Javascript ES6 Array Destructuring - Understand it the easiest way...

Javascript ES6 Array Destructuring - Understand it the easiest way...

The ultimate guide to understanding es6 array destructuring. Detailed post will well explained examples.

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Before ES6, the syntax used to declare variables was the use of the var keyword followed by the name of the variable, the assignment operator and then the value that should be stored in the variable.

There was little to no complaints about this as there were no alternatives. To declare multiple variables, one could either declare each variable individually or use one var keyword followed by all the declarations each separated by a comma.

// Declare a single variable before ES6
var someVariable = "Some Value";

// Declare multiple variables
var multipleVariables1 = "Value 1";
var multipleVariables2 = "Value 2";
var multipleVariables3 = "Value 3";

// Or
var multipleVariable1 = "Value 1",
    multipleVariable2 = "Value 2",
    multipleVariable3 = "Value 3";

With the introduction of ES6; a newer version of JavaScript, there was more than just the var keyword to declare variables. It introduced the let and const keywords alongside the existing var keyword to declare variables.

// Using let for variable declaration
let str1 = "Some String";

// Using const for variable declaration
const str2 = "Some String";

Basically, the array destructuring feature was also introduced in ES6. It made the declaration of multiple variables even much easier.

What is Array Destructuring?

Array destructuring is the process of unpacking values from an array into individual variables. Before ES6, unpacking values from arrays into individual variables required some efforts. Each value of the array has to be accessed through it's index in the array and then included in the declaration of the variable it's being assigned to.

// Before ES6
var arr = ["string1", "string2", "string3"];
var str1 = arr[0], str2 = arr[1], str3 = arr[2];

console.log("str1::> " + str1); // "string1"
console.log("str2::> " + str2); // "string2"
console.log("str3::> " + str3); // "string3"

With the introduction of ES6, unpacking values from an array became relatively easier. The syntax is also very simple to understand and implement. To do it in ES6, the array whose values are to be assigned to individual variables is assigned as a value to another array containing the name of the individual variables. Let's do a similar thing in ES6…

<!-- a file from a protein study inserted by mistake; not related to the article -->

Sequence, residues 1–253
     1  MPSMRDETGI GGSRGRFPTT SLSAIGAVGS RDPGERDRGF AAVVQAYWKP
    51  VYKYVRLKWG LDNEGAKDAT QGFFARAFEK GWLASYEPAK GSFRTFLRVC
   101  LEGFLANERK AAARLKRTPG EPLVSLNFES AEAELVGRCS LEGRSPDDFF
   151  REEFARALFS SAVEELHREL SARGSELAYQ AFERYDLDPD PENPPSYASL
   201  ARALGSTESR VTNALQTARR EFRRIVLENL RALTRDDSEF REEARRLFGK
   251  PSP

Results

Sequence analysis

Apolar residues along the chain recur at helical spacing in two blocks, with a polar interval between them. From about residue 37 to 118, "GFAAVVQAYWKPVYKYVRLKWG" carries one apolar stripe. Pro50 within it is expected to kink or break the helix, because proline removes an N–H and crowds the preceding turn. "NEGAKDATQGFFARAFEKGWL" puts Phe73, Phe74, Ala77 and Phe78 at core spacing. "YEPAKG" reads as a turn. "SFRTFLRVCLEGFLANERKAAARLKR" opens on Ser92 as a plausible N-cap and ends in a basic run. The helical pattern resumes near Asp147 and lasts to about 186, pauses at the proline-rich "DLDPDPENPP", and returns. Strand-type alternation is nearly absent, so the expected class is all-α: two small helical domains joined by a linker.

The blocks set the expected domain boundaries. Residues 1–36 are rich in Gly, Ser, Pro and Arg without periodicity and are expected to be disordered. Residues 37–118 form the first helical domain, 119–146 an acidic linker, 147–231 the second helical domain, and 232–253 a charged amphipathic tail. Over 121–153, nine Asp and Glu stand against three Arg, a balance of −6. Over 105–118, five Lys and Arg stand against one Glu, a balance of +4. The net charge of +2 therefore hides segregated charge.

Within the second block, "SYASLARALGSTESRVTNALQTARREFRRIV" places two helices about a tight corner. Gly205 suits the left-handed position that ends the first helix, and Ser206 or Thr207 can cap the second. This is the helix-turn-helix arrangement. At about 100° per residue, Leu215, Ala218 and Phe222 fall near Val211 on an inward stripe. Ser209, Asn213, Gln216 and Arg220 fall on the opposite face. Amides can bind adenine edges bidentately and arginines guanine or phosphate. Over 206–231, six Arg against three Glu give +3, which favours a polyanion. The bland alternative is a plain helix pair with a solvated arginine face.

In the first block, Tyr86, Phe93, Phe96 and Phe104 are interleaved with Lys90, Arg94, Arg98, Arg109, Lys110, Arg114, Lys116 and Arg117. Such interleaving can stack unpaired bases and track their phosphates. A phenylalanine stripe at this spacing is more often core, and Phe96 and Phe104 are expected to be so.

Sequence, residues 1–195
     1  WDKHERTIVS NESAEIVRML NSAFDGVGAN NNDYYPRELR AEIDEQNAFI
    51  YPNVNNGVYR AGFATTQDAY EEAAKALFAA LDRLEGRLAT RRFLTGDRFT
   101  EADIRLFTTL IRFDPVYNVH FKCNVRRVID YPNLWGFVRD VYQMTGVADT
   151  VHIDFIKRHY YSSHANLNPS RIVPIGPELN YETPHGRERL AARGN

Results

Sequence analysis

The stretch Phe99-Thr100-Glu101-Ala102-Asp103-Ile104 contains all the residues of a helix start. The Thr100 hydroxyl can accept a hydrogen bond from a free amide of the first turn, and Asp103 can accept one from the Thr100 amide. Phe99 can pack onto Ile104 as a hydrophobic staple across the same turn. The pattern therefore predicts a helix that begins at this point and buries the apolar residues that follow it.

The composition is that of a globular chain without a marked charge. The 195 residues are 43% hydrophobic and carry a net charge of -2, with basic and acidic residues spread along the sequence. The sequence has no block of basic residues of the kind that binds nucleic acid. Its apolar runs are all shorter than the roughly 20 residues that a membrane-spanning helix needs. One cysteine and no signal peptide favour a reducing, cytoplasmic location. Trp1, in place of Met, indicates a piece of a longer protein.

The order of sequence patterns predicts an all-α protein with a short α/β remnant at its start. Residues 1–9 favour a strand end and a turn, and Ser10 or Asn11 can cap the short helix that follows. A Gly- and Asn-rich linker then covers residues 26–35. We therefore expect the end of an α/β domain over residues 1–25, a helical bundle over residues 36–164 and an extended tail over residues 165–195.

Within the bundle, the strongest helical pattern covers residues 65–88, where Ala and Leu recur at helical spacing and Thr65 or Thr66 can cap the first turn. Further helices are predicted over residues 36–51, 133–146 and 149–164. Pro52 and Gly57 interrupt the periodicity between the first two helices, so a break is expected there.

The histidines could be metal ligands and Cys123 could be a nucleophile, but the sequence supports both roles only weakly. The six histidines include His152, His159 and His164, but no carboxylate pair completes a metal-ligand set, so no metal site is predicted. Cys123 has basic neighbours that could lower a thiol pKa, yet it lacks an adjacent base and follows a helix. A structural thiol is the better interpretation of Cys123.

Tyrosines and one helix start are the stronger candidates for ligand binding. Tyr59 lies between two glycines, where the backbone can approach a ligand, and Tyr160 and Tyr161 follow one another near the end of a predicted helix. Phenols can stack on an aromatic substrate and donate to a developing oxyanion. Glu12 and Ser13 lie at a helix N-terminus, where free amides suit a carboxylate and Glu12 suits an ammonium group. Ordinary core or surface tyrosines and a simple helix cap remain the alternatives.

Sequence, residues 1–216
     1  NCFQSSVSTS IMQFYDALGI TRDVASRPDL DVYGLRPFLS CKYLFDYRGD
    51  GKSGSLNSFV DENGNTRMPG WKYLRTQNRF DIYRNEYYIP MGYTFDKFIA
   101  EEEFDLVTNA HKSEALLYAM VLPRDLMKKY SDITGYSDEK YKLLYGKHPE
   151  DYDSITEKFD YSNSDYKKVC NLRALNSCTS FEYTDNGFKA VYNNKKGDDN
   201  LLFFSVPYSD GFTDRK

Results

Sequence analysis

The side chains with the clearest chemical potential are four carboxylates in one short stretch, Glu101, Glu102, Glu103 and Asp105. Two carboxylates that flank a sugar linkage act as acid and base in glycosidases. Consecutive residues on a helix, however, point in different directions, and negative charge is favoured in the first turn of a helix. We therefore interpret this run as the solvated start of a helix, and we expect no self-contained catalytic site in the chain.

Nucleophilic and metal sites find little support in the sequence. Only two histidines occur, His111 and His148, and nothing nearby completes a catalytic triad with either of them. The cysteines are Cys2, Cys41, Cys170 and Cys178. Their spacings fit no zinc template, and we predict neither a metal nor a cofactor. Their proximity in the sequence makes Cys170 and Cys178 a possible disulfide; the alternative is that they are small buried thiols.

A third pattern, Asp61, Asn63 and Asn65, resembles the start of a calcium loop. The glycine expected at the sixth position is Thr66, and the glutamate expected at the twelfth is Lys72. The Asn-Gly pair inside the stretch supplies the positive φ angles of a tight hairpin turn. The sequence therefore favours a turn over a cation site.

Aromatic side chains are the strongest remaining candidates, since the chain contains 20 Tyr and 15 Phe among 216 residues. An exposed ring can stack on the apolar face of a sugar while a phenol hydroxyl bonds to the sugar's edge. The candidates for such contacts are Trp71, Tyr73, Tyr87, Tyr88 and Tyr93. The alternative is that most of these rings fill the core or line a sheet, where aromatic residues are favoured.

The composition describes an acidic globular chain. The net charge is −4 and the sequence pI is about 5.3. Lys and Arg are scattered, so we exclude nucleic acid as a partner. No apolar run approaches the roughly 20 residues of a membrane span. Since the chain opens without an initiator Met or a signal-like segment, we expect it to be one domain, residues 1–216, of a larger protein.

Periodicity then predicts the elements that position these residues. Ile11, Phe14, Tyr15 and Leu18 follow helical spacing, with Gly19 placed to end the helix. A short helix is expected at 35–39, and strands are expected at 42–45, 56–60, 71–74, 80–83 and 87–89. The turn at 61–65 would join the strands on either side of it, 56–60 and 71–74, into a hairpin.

// Using array destructuring in ES6
let arr_2 = ["string-1", "string-2", "string-3"];
let [str_1, str_2, str_3] = arr_2;

console.log("str_1::> " + str_1); // "string-1"
console.log("str_2::> " + str_2); // "string-2"
console.log("str_3::> " + str_3); // "string-3"

In the above example, the values in the array arr_2 were unpacked into str_1, str_2 and str_3 respectively. Therefore the first value in the array arr_2 becomes the value of the variable str_1 because it is the first variable name in the array containing variable names. Also, the second value in the array arr_2 becomes the value of the variable str_2 and so on. I think it's shown that the ES6 syntax is clearer, more concise and shorter than the previous syntax. That's the beauty of ES6. There are a couple of tweaks that can be applied to the ES6 array destructuring syntax to expand its usage and functionality. See image below for a simple illustration of array destructuring...

Image illustrating the process of array destructuring

Note:: The numbers at the end of variable names do not matter. You can name the variable whatever you want.

Using spaces between the array

In the example above, all values were unpacked directly into individual variables. The number of variables that were assigned values is the same as the number of values unpacked from the array containing the strings.

This is usually the use case for the array destructuring syntax but there are times when just a part of the array needs to be unpacked into variables. To do this, the syntax allows for free spaces in the array containing the names of the individual variables to be assigned certain values from another array. Of course you don't want to declare a variable you won't be using in your script, so this can get quite useful in certain conditions.